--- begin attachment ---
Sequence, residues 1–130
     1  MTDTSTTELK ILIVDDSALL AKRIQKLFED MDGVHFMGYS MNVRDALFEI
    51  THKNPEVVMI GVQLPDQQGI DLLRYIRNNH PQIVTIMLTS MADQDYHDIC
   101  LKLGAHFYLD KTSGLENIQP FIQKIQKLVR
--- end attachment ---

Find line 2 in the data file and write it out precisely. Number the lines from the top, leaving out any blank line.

     1  MTDTSTTELK ILIVDDSALL AKRIQKLFED MDGVHFMGYS MNVRDALFEI